IG Metall

Full name German Metalworkers' Union
Native name Industriegewerkschaft Metall
Members 2.27 million[1]
Affiliation DGB
Key people Jörg Hofmann, president
Office location Frankfurt, Germany
Country Germany
Website www.igmetall.de
IG Metall Headquarters in Frankfurt

IG Metall (German: Industriegewerkschaft Metall, "Industrial Union of Metalworkers'") is the dominant metalworkers' union in Germany, making it the country's largest union[1] as well as Europe's largest industrial union.[2] Analysts of German labor relations consider it a major trend-setter in national bargaining.

The name refers to the union's metalworkers roots dating back to the start of unions in imperial Germany in the 1890s, though this formal organization was founded post-war in 1949.[3] Over the years the union has taken on representation in industries beyond mining of minerals to include manufacturing and industrial production, machinists, printing industry, which includes modern automobile manufacturing and steel production as part of its blue-collar root, but also includes more white-collar sectors such as electrical and other forms of engineering, information systems, and with the combining of formerly separate unions for workers in wood, plastics, textiles and clothing, includes non-metal blue-collar workers. [3]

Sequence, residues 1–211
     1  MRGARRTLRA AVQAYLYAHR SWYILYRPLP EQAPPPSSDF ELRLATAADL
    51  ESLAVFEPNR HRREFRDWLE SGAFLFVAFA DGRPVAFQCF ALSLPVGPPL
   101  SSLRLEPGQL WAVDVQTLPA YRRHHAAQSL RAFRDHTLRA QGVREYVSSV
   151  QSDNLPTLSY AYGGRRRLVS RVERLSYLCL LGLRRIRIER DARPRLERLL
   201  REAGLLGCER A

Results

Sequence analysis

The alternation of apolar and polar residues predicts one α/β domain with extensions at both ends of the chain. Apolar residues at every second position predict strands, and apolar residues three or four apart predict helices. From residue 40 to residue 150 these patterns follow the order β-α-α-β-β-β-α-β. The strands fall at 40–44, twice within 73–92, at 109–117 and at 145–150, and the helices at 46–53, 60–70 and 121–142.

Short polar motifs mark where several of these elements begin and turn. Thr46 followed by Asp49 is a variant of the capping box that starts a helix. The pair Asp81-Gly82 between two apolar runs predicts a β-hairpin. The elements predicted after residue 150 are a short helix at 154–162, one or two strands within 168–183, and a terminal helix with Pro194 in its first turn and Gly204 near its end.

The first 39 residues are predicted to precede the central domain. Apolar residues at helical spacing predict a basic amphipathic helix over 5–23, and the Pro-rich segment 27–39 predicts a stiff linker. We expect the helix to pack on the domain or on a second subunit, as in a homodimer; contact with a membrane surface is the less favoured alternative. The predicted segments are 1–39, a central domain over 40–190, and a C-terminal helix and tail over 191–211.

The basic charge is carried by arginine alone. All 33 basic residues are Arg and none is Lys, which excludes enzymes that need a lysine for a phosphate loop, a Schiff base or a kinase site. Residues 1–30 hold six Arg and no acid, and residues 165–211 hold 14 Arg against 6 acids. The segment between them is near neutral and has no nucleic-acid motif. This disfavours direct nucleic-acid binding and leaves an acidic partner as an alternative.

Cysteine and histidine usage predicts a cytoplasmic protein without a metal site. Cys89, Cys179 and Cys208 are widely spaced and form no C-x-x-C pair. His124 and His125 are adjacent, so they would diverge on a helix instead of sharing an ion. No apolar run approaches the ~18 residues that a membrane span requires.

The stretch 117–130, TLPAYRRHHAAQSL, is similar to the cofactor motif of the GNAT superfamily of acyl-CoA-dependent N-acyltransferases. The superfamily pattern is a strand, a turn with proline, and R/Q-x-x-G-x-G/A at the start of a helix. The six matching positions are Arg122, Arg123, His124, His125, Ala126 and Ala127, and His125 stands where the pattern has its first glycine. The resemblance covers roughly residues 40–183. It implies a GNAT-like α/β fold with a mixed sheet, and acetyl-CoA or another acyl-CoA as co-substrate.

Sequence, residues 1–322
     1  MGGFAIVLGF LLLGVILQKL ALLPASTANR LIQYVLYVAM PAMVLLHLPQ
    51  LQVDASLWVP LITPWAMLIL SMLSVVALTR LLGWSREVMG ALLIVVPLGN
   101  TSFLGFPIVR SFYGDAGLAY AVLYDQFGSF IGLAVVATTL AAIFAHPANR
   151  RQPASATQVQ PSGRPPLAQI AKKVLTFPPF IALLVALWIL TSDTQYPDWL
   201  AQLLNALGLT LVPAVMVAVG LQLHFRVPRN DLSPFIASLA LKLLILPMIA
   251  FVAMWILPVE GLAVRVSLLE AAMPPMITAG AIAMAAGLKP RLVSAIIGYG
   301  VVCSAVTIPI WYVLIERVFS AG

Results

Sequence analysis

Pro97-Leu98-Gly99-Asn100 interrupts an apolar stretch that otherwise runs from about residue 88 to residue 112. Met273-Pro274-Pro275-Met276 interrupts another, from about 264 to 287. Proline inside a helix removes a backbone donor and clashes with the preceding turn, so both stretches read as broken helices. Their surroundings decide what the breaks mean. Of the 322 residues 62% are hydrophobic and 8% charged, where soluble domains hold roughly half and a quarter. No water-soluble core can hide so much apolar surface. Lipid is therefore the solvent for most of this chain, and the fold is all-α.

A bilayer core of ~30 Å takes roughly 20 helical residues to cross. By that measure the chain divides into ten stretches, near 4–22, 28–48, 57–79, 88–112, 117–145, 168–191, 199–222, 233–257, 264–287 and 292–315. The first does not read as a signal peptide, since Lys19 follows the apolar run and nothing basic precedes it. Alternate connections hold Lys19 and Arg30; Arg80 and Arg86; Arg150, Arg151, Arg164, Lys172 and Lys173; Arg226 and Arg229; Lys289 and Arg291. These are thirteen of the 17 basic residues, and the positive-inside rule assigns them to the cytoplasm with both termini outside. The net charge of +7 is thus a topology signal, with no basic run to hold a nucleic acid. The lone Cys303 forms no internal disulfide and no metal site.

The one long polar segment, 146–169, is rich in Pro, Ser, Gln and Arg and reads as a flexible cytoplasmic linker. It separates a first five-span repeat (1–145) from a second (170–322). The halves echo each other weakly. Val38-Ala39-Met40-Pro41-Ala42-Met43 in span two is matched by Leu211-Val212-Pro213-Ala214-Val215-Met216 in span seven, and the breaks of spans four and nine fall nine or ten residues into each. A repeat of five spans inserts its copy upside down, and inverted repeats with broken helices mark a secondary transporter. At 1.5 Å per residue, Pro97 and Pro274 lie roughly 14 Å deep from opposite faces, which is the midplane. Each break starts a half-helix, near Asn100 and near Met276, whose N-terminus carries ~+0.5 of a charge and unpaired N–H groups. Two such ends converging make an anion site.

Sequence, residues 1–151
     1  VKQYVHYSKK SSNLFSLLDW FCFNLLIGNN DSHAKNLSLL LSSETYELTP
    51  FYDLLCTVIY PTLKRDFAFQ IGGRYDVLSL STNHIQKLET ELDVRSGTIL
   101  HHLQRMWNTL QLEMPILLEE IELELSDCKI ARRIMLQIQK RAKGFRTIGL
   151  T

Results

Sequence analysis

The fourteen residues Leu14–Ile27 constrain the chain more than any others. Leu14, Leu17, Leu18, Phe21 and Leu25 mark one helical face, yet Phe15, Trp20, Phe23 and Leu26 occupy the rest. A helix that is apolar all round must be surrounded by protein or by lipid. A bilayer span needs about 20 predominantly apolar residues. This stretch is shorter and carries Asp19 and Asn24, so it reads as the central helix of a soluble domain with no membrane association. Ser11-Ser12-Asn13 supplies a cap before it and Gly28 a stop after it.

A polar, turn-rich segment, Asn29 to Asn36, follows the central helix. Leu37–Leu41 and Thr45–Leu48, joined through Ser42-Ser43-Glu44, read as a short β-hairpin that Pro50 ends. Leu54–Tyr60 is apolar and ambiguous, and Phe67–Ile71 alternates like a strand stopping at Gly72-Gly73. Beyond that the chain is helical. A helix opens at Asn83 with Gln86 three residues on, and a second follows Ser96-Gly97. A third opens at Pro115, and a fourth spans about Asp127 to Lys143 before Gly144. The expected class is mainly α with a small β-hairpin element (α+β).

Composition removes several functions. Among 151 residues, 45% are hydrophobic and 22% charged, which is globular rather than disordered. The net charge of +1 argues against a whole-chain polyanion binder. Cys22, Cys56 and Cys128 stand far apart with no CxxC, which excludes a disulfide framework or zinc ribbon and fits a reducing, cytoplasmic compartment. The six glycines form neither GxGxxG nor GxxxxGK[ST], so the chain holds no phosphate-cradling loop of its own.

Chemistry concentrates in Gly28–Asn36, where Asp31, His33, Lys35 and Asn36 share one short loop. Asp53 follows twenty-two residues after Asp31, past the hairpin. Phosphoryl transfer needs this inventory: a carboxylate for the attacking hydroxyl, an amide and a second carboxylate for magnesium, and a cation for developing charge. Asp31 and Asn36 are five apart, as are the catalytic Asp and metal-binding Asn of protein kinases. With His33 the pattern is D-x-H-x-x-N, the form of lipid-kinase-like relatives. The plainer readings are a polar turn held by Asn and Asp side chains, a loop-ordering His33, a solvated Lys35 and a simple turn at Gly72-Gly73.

Major accomplishments of IG Metall in the German labor market include, applied to the regions/covered employees:[3]

IGM is a member of the German Confederation of Trade Unions (Deutscher Gewerkschaftsbund, DGB). IGM is also a member of some international union umbrella organisations.

Recent history

On April 1, 1998 the Gewerkschaft Textil und Bekleidung (GTB), the trade union of textile and clothing joined IGM.
On January 1, 2000 the Gewerkschaft Holz und Kunststoff (GHK), the trade union of wood and plastics joined IGM.

Deals agreed by IG Metall in the pilot region of Baden-Württemberg, an industrial and car-making hub and home to Daimler and Bosch, traditionally serve as a template for agreements across the country.[4]

Today, IG Metall mainly represents employees at major car makers such as Daimler, BMW, Porsche, Volkswagen, Audi and industrial giants such as Siemens, Thyssen-Krupp, Airbus, Salzgitter AG, ArcelorMittal, Bosch and smaller mechanic construction companies and car-mechanics. Its membership had been dropping in recent decades, yet the union managed to somewhat reverse that trend recenly by gaining 30,000 members between 2010 and 2015.[1] A record in wage deals, along with a push to recruit more women, young people (e.g. students) and white-collar workers, helped it boost 2015 membership by 121,000 to 2.3 million and income by 3.4 percent to 533 million euros ($582 million); this rise came against a backdrop of generally declining union in Germany.[5]

In 2015, IG Metall and the U.S. United Automobile Workers (UAW) announced that they would deepen their partnership and set up an office in Tennessee to boost labor rights at German automakers and their suppliers based in the United States.[6]

Organisation structure

Regional districts

IGM consists of 7 Bezirke (districts) which are subdivided in Verwaltungstellen (administrative areas):


metall magazine

The IGM magazine metallzeitung has existed since 1949. In 2005 it had a circulation of over 2 million. There are 12 issues per year.


External links

Further reading

Coordinates: 50°06′12″N 8°39′58″E / 50.1034°N 8.6660°E / 50.1034; 8.6660

This article is issued from Wikipedia - version of the 11/29/2016. The text is available under the Creative Commons Attribution/Share Alike but additional terms may apply for the media files.